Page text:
Thumb-tack-sitting is also more fun than the missions, which soon get boring and revolve around staple FPS conventions: protect an area, infiltrate the bug’s home, get from A to B ASAP. Onslaught is also home to one of the most irritating soundbites we’ve ever heard – “That’s why you’re still a kid!” Hold on a minute, we’re single-handedly saving the universe – why not be a sport and give us a hand? “That’s why you’re still a kid!” Honestly, he has the nerve to say it every five seconds – whoever he is – and it really grates after a while.Onslaught is a decent afternoon distraction for those who just want to spend an afternoon blowing things to kingdom come. For those looking for a deep and varied shooter, you’re probably best waiting for… well, a long time probably.

What really annoyed us about this game were the boss battles. Bosses are speedy, hulking great bugs and since your top speed is leisurely granddad stroll, you’ll die more often than not. “Waaaaah!” we cried…

It’s good value if you want to spend an afternoon brainlessly shooting cannon fodder. Don’t expect anything else, though. 


Clever puzzles leave us in the dark…


(NB. There are no screenshots for this review as Geraint broke the screen grab machine thingy)

WiiWare survival horror eh? Stranded in a school (sounds scary already) with all the lights off, Jake’s dropped into the Lit world with no back story or tutorial. Luckily, it’s easy to pick up. There are 30 rooms to work through, all cloaked in perpetual darkness – darkness you must avoid as if it were a bogey someone has wiped under your school desk. Foolishly step into the shadows and ghostly apparitions will drag you to your doom.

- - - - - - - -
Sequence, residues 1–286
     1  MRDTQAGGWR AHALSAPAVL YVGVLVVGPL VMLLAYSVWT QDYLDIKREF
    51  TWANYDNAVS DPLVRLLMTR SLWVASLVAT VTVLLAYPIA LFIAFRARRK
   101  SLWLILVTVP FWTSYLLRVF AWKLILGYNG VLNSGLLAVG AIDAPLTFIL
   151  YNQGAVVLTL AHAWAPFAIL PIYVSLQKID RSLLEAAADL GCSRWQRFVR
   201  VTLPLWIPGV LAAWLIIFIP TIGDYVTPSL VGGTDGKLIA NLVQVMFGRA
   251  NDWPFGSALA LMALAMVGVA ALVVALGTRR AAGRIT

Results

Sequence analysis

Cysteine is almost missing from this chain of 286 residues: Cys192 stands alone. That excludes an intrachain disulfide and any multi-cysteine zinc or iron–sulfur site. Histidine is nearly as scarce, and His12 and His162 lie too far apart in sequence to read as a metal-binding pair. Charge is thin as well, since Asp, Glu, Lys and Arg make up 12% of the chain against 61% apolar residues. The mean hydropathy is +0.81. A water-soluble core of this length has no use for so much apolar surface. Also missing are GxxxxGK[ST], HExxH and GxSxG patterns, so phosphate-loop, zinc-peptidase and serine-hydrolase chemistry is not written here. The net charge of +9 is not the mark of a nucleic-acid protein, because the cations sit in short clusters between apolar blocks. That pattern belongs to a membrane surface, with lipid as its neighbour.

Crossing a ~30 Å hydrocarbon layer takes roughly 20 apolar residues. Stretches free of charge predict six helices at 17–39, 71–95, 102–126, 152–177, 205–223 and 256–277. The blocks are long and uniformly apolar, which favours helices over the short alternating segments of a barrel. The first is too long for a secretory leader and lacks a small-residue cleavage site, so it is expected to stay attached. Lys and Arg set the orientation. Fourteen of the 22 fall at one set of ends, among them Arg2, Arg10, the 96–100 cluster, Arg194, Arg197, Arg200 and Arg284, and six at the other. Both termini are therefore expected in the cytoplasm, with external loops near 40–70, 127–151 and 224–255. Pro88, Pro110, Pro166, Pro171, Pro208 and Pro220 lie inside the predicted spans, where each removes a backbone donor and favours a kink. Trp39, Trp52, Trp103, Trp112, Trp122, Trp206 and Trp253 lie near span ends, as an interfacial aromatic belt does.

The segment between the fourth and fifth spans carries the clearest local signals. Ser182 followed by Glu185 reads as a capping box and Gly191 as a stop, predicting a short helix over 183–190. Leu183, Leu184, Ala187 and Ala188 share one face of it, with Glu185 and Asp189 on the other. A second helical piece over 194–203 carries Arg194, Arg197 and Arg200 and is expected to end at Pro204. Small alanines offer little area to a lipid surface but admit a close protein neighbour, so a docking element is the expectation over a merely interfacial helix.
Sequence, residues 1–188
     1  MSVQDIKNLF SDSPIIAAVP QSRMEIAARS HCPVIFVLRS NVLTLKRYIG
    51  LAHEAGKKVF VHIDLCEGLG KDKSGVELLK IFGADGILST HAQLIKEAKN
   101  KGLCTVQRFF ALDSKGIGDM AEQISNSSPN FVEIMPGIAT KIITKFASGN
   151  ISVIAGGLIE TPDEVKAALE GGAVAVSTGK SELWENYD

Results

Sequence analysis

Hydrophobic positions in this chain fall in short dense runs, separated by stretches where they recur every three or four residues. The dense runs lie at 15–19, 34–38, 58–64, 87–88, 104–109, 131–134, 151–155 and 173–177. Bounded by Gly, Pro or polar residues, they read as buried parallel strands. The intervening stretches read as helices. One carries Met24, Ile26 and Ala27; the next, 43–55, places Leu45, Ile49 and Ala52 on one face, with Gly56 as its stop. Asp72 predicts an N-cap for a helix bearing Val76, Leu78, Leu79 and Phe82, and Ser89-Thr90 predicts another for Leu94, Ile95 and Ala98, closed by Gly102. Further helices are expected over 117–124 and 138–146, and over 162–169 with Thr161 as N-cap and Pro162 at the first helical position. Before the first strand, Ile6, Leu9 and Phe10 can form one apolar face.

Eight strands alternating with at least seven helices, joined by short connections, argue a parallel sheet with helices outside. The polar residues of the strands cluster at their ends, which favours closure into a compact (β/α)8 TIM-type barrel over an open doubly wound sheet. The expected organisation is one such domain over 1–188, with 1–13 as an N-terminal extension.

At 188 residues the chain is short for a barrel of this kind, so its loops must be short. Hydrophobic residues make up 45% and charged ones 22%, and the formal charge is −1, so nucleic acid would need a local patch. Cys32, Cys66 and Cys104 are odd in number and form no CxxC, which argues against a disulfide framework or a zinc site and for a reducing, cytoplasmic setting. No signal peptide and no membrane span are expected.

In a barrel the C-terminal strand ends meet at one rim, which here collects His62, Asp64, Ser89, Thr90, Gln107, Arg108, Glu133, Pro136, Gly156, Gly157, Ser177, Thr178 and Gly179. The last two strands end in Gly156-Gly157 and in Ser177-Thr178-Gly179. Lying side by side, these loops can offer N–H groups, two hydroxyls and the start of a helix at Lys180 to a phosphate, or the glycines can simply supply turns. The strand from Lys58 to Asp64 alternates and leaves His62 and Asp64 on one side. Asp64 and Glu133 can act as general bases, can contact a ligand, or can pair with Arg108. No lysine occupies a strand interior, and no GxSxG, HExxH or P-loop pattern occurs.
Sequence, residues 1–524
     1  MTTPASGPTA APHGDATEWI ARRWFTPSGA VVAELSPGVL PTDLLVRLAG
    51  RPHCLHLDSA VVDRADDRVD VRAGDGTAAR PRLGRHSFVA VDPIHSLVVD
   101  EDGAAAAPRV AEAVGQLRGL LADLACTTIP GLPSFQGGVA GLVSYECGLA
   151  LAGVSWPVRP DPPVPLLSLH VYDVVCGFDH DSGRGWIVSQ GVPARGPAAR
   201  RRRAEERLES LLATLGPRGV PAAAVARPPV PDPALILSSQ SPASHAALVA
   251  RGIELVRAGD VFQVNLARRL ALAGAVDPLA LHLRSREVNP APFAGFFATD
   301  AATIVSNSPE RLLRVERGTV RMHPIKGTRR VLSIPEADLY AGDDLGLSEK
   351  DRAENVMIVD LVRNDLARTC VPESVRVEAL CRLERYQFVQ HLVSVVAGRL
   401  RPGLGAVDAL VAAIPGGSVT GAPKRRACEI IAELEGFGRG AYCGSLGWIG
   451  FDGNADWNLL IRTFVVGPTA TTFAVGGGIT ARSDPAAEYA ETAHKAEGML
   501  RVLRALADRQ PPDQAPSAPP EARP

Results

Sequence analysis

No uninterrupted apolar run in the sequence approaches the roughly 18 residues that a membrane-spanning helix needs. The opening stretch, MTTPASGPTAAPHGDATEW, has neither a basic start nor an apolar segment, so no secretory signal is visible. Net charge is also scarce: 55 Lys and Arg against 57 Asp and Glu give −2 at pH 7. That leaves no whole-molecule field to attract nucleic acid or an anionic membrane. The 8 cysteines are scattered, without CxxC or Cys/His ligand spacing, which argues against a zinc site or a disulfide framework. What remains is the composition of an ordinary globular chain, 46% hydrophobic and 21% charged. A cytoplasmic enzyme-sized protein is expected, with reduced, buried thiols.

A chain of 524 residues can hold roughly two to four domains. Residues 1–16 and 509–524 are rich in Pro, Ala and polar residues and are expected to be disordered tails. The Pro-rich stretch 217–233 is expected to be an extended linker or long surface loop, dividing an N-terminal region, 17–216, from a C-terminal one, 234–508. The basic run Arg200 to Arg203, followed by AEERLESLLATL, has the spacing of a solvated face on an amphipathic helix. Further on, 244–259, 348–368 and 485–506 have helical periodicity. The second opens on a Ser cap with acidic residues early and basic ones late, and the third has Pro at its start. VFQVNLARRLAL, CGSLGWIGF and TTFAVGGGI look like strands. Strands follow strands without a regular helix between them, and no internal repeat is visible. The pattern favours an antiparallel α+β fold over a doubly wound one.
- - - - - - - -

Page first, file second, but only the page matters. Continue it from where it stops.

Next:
The only way to safely pass through rooms is to use your slingshot (equipped with limited pellets) to smash the windows, letting in beams of natural light that act as corridors to guide you to each exit. Artificial light from TV screens and lamps also helps and intriguing boss fights appear every five rooms or so. All the ingredients for Ring-style fun then, eh?

They should be, but Lit doesn’t feel like a survival horror at all. The only reason it’s being pitched as such is because of its gloomy atmosphere and the fact that some ghosts have stitches on their faces – the clearest indication of evil that there is, obviously.

You control Jake with the nunchuk and aim your weapons with the remote, but there’s plenty of scope for accidental deaths. For example, you’re stood next to a light switch plotting your next move, ready to fire your slingshot. You press A and Jake, due to the curse of proximity, will instead choose to switch off the light switch and plunge himself into darkness. You have to be super-precise which is hard when you’re rushing a level because you’ve done it 20 times already, and keep dying through no fault of your own. Niggles such as these guarantee you’ll repeat levels frequently, but not through choice.

As a puzzler, though, Lit‘s actually quite clever. Tasks gradually become more brain-busting. For instance, in one level your only ammo is explosive cherry bombs and you have to shatter a window, yet next to that window is a fragile lamp that you need to light to progress. What do you do?